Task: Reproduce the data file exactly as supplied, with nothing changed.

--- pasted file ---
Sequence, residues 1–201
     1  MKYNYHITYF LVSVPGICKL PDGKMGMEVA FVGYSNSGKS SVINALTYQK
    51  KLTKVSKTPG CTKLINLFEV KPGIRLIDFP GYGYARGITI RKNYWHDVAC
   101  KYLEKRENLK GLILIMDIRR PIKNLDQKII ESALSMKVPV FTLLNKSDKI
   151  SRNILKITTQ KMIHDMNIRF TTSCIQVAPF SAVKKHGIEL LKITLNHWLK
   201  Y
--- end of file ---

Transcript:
Sequence, residues 1–201
     1  MKYNYHITYF LVSVPGICKL PDGKMGMEVA FVGYSNSGKS SVINALTYQK
    51  KLTKVSKTPG CTKLINLFEV KPGIRLIDFP GYGYARGITI RKNYWHDVAC
   101  KYLEKRENLK GLILIMDIRR PIKNLDQKII ESALSMKVPV FTLLNKSDKI
   151  SRNILKITTQ KMIHDMNIRF TTSCIQVAPF SAVKKHGIEL LKITLNHWLK
   201  Y